AT first, I didn't recognise the symptoms that we all had in common. Friends mentioned that they were having trouble concentrating. Colleagues reported that even with vaccines on the horizon, they weren't excited about 2021. And instead of bouncing out of bed at 6am, I was lying there until 7, playing Words with Friends.
It wasn't burnout - we still had energy. It wasn't depression - we didn't feel hopeless. We just felt somewhat joyless and aimless. It turns out there's a name for that: languishing.
Languishing is a sense of stagnation and emptiness. It feels as if you're muddling through your days, looking at your life through a foggy windshield. And it might be the dominant emotion of 2021.
As scientists and physicians work to treat and cure the physical symptoms of long-haul Covid, many people are struggling with the emotional long-haul of the pandemic. It hit some of us unprepared as the intense fear and grief of last year faded.
In the early, uncertain days of the pandemic, it's likely that your brain's threat detection system was on high alert for fight-or-flight. As you learned that masks helped protect us, you probably developed routines that eased your sense of dread. But the pandemic has dragged on, and the acute state of anguish has given way to a chronic condition of languish.
In psychology, we think about mental health on a spectrum from depression to flourishing. Flourishing is the peak of well-being: you have a strong sense of meaning, mastery and mattering to others. Depression is the valley of ill-being: You feel despondent, drained and worthless. Languishing is the neglected middle child of mental health. It's the void between depression and flourishing - the absence of well-being. You don't have symptoms of mental illness, but you're not the picture of mental health either. You're not functioning at full capacity. Languishing dulls your motivation, disrupts your ability to focus, and triples the odds that you'll cut back on work. It appears to be more common than major depression - and in some ways it may be a bigger risk factor for mental illness.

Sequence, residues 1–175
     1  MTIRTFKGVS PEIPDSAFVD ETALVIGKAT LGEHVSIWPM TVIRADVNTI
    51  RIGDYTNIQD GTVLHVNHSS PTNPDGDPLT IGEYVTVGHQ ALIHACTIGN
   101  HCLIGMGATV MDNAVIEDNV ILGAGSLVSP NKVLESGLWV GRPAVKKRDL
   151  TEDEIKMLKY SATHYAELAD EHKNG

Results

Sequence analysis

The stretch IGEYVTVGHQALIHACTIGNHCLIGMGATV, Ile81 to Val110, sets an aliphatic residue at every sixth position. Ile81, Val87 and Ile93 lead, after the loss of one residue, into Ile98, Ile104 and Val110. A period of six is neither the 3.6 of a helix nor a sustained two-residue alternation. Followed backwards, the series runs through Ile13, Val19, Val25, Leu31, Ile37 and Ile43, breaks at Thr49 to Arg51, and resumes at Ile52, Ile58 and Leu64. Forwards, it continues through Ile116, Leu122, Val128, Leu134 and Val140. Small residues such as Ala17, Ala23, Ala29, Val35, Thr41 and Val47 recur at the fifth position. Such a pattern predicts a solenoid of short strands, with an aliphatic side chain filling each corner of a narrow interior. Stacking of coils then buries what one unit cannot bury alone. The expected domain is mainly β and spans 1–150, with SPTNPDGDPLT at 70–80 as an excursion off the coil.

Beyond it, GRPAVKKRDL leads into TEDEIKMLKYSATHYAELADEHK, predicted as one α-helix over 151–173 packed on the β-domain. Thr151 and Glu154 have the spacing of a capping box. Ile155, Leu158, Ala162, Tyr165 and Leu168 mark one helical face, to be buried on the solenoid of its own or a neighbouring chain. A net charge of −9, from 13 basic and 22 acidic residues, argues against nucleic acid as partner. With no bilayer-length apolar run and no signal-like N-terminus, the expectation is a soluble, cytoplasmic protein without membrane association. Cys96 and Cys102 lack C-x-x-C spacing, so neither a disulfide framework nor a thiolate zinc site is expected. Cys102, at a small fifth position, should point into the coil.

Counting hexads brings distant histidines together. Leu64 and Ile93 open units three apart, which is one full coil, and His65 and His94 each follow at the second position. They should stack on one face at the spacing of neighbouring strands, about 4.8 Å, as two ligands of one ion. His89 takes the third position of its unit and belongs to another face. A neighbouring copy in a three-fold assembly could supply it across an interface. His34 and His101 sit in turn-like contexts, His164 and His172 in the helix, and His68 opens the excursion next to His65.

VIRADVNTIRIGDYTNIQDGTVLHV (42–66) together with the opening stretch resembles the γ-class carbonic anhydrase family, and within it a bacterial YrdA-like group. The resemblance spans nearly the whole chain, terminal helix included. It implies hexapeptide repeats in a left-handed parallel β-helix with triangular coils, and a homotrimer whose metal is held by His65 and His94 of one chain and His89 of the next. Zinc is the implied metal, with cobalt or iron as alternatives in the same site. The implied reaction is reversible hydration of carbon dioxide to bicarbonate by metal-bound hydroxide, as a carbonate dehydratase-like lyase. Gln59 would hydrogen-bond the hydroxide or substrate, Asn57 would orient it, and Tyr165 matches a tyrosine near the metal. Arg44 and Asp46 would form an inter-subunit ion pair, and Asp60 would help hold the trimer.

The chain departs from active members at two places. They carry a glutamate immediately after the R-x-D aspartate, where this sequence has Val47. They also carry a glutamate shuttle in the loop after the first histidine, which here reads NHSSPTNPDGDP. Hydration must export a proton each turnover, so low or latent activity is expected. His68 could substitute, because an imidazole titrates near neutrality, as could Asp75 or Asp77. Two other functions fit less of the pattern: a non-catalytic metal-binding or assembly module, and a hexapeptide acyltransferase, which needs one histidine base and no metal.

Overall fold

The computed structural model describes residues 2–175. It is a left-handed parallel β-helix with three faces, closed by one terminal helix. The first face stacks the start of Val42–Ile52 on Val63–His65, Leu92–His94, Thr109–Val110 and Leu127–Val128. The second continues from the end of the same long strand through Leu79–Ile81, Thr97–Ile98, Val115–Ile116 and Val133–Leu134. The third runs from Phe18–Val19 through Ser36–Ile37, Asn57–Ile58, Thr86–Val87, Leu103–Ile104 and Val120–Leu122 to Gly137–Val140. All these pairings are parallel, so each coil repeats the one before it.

The term was coined by a sociologist named Corey Keyes, who was struck that many people who weren't depressed also weren't thriving. His research suggests that the people most likely to experience major depression and anxiety disorders in the next decade aren't the ones with those symptoms today. They're the people who are languishing right now.
Part of the danger is that when you're languishing, you might not notice the dulling of delight or the dwindling of drive. You don't catch yourself slipping slowly into solitude; you're indifferent to your indifference. When you can't see your own suffering, you don't seek help or even do much to help yourself.
Even if you're not languishing, you probably know people who are. Understanding it better can help you help them.
A name for what you're feeling
Psychologists find that one of the best strategies for managing emotions is to name them. Last spring, during the acute anguish of the pandemic, the most viral post in the history of Harvard Business Review was an article describing our collective discomfort as grief. Along with the loss of loved ones, we were mourning the loss of normalcy. "Grief." It gave us a familiar vocabulary to understand what had felt like an unfamiliar experience. Although we hadn't faced a pandemic before, most of us had faced loss. It helped us crystallise lessons from our own past resilience - and gain confidence in our ability to face present adversity.
We still have a lot to learn about what causes languishing and how to cure it, but naming it might be a first step. It could help to defog our vision, giving us a clearer window into what had been a blurry experience. It could remind us that we aren't alone: languishing is common and shared. And it could give us a socially acceptable response to "How are you?" Instead of saying "Great!" or "Fine," imagine if we answered: "Honestly, I'm languishing." It would be a refreshing foil for toxic positivity.
When you add languishing to your lexicon, you start to notice it all around you. It shows up when you feel let down by your short afternoon walk. It's in your kids' voices when you ask how online school went. It's in The Simpsons every time a character says: "Meh".